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Does light actually travel

  1. Oct 7, 2012 #1
    hi is there any proof that light does actually travel?
     
  2. jcsd
  3. Oct 7, 2012 #2

    Nugatory

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    Staff: Mentor

    You mean, experimental proof that light travels at some speed as opposed to be being everywhere all at once?

    Yes. The first reasonably convincing measurement of light travel was made in 1675 by an astronomer named Roemer observing the differences between the apparent position of one of Jupiter's moons and the shadow of that moon on the surface of Jupiter.

    There have plenty of measurements since then; check out http://math.ucr.edu/home/baez/physics/Relativity/SpeedOfLight/measure_c.html for more history.
     
  4. Oct 7, 2012 #3
    the easiest way i can explain what i mean is, if you imagine a mexican wave in a stadium, nobody is actually moving but it appears like there is a wave moving if this makes any sense?
     
  5. Oct 7, 2012 #4

    Nugatory

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    Ah, OK, I think I understand what you're getting at. Two ways you can think about it:

    1) Light is the wave, not the medium that's waving. So yes, the light is moving (and this is especially true when the light is traveling through the vacuum of empty space; in empty space there's nothing analogous the stadium audience which is always there even when a wave isn't moving through it).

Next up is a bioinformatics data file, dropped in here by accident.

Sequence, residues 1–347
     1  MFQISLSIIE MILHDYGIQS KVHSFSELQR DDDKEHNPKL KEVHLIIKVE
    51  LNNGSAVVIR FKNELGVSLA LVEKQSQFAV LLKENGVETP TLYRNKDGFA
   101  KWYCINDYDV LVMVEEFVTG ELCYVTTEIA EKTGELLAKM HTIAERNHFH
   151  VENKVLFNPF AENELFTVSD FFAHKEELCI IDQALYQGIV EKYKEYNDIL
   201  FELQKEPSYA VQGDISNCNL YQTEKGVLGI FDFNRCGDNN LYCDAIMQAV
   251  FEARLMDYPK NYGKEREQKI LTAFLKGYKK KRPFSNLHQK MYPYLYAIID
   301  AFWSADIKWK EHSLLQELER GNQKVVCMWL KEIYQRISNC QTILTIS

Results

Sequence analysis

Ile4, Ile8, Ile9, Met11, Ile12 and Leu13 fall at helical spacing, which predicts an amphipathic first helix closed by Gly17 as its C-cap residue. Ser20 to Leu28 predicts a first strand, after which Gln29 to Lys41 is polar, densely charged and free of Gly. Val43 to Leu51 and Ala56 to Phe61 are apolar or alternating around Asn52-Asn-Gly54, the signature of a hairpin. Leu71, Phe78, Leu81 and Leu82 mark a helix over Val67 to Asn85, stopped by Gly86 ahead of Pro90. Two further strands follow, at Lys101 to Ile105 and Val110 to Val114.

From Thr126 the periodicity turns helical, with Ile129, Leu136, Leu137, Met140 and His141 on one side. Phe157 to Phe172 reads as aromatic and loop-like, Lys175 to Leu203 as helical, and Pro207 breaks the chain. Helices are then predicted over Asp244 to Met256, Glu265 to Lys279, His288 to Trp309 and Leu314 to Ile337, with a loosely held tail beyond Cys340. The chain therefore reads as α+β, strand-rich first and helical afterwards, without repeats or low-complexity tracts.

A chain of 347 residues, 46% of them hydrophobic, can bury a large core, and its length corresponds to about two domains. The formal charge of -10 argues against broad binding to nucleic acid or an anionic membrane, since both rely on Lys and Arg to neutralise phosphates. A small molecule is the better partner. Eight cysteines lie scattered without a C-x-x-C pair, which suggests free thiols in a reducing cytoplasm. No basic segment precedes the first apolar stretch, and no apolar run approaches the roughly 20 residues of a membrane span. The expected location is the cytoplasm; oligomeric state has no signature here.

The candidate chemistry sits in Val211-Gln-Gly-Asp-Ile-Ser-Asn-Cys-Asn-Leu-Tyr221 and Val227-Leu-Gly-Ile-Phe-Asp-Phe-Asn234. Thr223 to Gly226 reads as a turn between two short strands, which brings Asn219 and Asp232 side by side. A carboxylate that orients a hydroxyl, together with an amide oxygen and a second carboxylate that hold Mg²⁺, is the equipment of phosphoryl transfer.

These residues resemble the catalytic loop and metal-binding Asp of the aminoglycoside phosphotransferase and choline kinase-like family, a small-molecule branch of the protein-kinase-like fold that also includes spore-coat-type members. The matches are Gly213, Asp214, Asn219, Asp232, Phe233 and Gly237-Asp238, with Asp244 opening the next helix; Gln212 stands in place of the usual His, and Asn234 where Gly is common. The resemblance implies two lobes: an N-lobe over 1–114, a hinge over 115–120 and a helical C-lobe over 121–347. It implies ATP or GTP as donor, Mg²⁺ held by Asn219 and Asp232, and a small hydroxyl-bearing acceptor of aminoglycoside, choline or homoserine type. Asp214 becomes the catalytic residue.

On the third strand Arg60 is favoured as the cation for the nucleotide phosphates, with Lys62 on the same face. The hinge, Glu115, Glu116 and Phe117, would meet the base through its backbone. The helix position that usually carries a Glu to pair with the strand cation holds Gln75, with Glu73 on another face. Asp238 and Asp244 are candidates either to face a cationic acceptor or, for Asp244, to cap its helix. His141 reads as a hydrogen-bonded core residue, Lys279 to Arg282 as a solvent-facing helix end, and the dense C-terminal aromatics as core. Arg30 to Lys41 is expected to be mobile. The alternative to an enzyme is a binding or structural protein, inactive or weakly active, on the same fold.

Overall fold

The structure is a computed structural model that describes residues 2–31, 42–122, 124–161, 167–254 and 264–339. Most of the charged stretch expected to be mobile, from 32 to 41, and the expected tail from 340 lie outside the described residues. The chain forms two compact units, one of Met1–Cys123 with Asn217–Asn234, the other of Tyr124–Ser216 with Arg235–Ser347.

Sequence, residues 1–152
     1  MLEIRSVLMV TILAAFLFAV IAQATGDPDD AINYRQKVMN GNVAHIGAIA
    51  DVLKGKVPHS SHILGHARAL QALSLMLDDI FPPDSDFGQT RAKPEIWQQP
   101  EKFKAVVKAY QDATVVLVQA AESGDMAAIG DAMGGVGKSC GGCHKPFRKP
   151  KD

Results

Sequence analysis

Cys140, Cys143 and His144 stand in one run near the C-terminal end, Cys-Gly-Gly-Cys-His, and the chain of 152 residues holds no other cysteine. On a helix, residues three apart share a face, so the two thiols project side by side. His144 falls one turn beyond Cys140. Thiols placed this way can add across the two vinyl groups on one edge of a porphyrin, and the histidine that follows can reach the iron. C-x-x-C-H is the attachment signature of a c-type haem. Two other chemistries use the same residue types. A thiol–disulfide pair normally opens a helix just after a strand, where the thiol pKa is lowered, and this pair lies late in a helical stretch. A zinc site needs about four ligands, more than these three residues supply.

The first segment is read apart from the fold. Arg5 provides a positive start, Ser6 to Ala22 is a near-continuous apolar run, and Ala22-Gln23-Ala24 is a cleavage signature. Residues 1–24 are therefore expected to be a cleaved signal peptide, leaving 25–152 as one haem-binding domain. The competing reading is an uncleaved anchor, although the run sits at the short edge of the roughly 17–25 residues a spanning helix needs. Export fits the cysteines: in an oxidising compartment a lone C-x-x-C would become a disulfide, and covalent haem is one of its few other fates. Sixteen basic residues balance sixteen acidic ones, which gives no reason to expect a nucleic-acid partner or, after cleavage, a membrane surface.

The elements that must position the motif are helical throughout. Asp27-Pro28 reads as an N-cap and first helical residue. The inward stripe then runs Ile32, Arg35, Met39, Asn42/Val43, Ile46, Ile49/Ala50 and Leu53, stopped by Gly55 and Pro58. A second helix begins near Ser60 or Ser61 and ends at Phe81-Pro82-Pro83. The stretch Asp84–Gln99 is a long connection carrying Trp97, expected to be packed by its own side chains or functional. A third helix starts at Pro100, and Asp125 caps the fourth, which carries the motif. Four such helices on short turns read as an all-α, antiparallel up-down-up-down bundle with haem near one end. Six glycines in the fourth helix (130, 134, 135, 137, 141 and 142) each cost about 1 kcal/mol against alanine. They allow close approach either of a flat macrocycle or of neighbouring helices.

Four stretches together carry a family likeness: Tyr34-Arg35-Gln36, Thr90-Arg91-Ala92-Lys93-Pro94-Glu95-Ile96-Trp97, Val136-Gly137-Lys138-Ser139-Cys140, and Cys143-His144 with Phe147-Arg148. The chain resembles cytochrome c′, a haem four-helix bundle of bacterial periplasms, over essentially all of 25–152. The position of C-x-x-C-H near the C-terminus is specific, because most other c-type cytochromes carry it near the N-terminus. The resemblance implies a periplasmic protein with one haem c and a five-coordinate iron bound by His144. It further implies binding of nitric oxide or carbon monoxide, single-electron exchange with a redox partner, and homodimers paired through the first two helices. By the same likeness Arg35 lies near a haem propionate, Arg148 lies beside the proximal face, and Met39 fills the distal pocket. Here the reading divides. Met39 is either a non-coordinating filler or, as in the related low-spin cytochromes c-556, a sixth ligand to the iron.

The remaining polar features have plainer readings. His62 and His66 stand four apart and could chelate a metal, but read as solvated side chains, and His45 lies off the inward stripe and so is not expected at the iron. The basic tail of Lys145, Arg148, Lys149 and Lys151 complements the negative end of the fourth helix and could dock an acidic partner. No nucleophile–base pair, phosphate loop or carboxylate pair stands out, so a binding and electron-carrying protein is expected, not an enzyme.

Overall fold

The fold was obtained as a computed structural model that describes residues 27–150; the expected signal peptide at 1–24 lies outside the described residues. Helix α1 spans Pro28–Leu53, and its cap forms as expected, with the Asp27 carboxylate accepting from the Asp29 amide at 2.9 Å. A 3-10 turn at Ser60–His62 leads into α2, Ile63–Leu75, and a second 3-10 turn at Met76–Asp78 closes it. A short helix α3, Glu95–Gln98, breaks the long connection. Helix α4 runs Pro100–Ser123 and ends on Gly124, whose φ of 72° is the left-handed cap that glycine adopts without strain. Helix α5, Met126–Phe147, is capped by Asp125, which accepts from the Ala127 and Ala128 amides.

2) You can think of light as a beam of particles called photons. These move, at the speed of light.
     
  6. Oct 7, 2012 #5
    Minor correction- he was measuring the times on earth when the moon popped out from behind Jupiter's shadow. When the earth swung around its solar orbit by six months, the event was 92x2 million miles further away resulting in a 15 minute delay to the observed event.
     
  7. Oct 7, 2012 #6

    russ_watters

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    The fact that the particles in a mechanical wave end back up where they started after a wave passes, does not mean the wave isn't moving.
     
  8. Oct 7, 2012 #7
    yeah but in the end doesn't it just depend on what you define as moving... you could also say, the wave is not a thing moving but a series of the compression and stretching of the electric field. I mean trying to define it with human words that are relative seems kind of fuzzy, people can easily disagree with such things
     
  9. Oct 7, 2012 #8
    Space is full of force fields, electromagnetism etc.

    Spacetime can also bend and contract, in the presence of mass, so I'd say it is a medium in that way.
     
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